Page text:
|Cathedral of Salamanca looms through the fog|
Road Trip to Segovia, Salamanca and ÁvilaSon David, Heidi and Emily arrived 20 December, and we spent two weeks traipsing across Madrid, driving to Segovia, Salamanca, Avila, via train to Barcelona, via bus and cab to Pamela and Juan's Boxing Day party in San Agustin de Guadalix; we've eaten pounds of jamón and cheese and olives, shopped in the narrow, winding streets of Chueca in Madrid and Barri Gòtic in Barcelona and elbowed through the crowds at El Rastro flea market. We beat time to flamenco at Casa Patas.
[All photos can be enlarged with a click in the center]
|El Rastro wares|
We zigzagged through the snow-capped Sierra de Guadarrama mountains to Segovia where the towering 2,000-year-old Roman aqueduct rises 30 m high and 825 m long and never fails to amaze even after multiple visits.We arrive just in time for lunch, and Rich finds a sunny spot in Segovia's Plaza Mayor where we each eventually shed winter jackets. Bean soup and lamb stew and duck leg and salad -- perfect for a winter afternoon outside. We explore the flamboyant Gothic cathedral topped with a Renaissance dome. The Gothic arches overhead collect any heat that happens into the structure, while at floor level, we tour in finger-numbing cold. At 1,000 meters, Segovia looks out over the surrounding countryside all the way to the Sierra de Guadarrama snow caps. The town is crowned by the Alcazar, a best in fairy tale castles--turrets and moat and high above the peon world.
|Bean soup with clams in Segovia|
in the Sierra Guadarrama
|Aqueduct in Segovia|
|Heidi, Emily and David with the |
fairytale Alcazar in Segovia
Then on to Ávila, where I finally get to tour the first Gothic cathedral in Spain. Although begun as Romanesque, the cathedral was completed in the Gothic style in the 16th century. The gray block and simplicity of the cathedral complement perfectly the medieval tapestry of the walled city.
|David and Emily|
We loved sharing Spain with David, Heidi and Emily who go anywhere, eat anything (don't miss the final photos). While the rest of us relaxed somewhat between jaunts, Emily wrote college essays and submitted applications. Having the opportunity to read so much of her writing made this writer's heart proud. However, waiting to hear the outcomes in May might prove a bit nerve wracking. Plus, we have bets on the outcomes. Look for more on our travels in future posts.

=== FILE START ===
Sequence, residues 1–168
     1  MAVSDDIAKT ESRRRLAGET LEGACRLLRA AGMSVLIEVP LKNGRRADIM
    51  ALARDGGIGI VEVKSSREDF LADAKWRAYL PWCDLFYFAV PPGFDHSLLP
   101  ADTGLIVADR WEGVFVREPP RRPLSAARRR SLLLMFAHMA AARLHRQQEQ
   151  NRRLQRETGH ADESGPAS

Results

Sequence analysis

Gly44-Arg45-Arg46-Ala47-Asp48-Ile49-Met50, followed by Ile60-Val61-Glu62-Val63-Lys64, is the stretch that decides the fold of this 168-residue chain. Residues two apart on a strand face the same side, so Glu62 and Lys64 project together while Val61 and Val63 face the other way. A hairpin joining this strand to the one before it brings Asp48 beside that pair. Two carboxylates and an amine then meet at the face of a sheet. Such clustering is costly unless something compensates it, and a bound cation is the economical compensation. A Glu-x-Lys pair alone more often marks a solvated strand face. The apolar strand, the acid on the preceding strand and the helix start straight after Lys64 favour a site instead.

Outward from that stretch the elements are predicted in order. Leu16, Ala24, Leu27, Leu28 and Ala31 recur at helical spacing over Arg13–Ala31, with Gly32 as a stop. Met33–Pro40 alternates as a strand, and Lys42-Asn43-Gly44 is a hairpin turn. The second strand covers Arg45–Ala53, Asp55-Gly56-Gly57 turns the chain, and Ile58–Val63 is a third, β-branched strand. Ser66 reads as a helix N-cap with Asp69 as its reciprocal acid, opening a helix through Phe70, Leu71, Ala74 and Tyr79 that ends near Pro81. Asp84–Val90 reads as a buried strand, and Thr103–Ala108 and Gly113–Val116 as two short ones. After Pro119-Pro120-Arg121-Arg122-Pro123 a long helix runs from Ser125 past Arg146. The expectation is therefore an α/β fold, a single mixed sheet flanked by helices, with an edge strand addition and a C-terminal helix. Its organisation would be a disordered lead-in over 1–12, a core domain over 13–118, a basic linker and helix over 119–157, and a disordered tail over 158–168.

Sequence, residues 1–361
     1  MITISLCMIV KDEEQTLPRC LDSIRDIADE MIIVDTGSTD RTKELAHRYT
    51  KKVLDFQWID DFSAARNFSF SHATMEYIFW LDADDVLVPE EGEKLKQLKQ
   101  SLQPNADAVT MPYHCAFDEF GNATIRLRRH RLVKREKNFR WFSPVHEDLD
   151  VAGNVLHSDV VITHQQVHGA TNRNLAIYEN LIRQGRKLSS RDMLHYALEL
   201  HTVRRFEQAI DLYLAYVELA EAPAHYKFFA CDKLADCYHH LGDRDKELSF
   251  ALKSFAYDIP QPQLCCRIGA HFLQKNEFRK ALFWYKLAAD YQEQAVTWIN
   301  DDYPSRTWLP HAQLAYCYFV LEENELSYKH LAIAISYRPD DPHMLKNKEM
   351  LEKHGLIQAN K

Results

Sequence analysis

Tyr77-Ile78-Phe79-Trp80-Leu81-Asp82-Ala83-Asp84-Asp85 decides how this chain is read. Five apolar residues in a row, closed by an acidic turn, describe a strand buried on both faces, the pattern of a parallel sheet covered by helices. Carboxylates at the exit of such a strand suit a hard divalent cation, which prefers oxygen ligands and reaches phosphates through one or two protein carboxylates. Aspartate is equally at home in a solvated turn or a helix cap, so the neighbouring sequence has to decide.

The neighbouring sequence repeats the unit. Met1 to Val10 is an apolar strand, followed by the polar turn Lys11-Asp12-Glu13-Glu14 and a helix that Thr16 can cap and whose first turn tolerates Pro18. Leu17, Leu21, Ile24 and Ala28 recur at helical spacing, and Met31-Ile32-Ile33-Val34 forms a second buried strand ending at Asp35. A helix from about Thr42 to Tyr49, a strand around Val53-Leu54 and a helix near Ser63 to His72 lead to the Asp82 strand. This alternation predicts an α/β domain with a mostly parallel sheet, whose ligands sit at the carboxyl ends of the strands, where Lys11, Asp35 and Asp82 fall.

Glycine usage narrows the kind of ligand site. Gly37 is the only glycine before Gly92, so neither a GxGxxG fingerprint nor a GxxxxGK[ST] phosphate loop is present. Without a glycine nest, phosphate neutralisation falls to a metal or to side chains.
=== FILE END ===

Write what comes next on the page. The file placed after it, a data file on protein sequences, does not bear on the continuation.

|Plaza Mayor in Salamanca|
Feliz Navidad y Año Nuevo
Spanish class was my best source for Spanish and madrileño traditions for the holidays, but if readers have corrections and additions, please do add to the comments. Although Christmas here is essentially preserved as a religious holiday, not a gift-giving extravaganza, the streets are certainly full of shoppers and sightseers and families, and Christmas kiosks pop up in any available space. The markets sell toys, trinkets, inexpensive memorabilia, but they also offer nativity scenes or the individual pieces for do-it-yourself scenes. They offer Christmas decorations like Santas and stars and sparkle, but stands also display lots of mistletoe, potted evergreen trees and cut greens, and yards and yards of moss. We deduced the moss must serve as landscapes for nativity scenes. We are talking real moss, not plastic soccer turf.
|Spanish class holiday photo|
We five celebrated Christmas Day with a suckling pig roasted by a neighborhood restaurant and carried home. Emily and Heidi ate the ears, and I don't know what happened to the tail. We devoured the entire roast, succulent and delicious as promised, in two sittings.
|Emily and Heidi share|
freshly spun cotton candy in
Plaza Mayor in Madrid
|Waiting for the parade|
|Reyes Magos arrive in Prosperidad|
On the night of Dec. 5, kids follow the custom of putting shoes outside the door or on the patio to be filled with candy and gifts by the Reyes. In store windows, shops displayed knee-high women's boots overflowing with boxes and treats.
On New Year's Eve, David, Heidi, Rich and I made our way via Metro to a neighborhood close to Puerto del Sol and the major celebration. As is the custom, we each carried our baggie of 12 grapes to consume within the first minute of the new year for luck throughout the year. We left Emily at home, nursing a cold, finishing another application and holding her own grapes.
Wishing all of you happy uvas and a wonderful year to come!
|Heidi and Emily se gustan|